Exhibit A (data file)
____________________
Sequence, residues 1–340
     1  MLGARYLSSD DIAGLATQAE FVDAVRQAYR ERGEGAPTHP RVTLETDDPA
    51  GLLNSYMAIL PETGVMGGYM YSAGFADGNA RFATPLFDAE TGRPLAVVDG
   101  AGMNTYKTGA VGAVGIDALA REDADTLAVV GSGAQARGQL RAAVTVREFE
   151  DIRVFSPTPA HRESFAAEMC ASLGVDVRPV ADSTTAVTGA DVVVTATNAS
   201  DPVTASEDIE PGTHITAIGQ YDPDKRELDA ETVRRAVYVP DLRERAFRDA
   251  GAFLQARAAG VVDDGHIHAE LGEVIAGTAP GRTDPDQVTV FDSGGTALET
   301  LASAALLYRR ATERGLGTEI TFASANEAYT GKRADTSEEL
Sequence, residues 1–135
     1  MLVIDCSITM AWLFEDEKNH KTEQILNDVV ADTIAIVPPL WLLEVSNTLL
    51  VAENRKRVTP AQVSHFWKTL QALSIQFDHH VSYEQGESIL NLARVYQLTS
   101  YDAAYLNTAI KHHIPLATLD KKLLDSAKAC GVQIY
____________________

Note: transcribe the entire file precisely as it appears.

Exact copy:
Sequence, residues 1–340
     1  MLGARYLSSD DIAGLATQAE FVDAVRQAYR ERGEGAPTHP RVTLETDDPA
    51  GLLNSYMAIL PETGVMGGYM YSAGFADGNA RFATPLFDAE TGRPLAVVDG
   101  AGMNTYKTGA VGAVGIDALA REDADTLAVV GSGAQARGQL RAAVTVREFE
   151  DIRVFSPTPA HRESFAAEMC ASLGVDVRPV ADSTTAVTGA DVVVTATNAS
   201  DPVTASEDIE PGTHITAIGQ YDPDKRELDA ETVRRAVYVP DLRERAFRDA
   251  GAFLQARAAG VVDDGHIHAE LGEVIAGTAP GRTDPDQVTV FDSGGTALET
   301  LASAALLYRR ATERGLGTEI TFASANEAYT GKRADTSEEL
Sequence, residues 1–135
     1  MLVIDCSITM AWLFEDEKNH KTEQILNDVV ADTIAIVPPL WLLEVSNTLL
    51  VAENRKRVTP AQVSHFWKTL QALSIQFDHH VSYEQGESIL NLARVYQLTS
   101  YDAAYLNTAI KHHIPLATLD KKLLDSAKAC GVQIY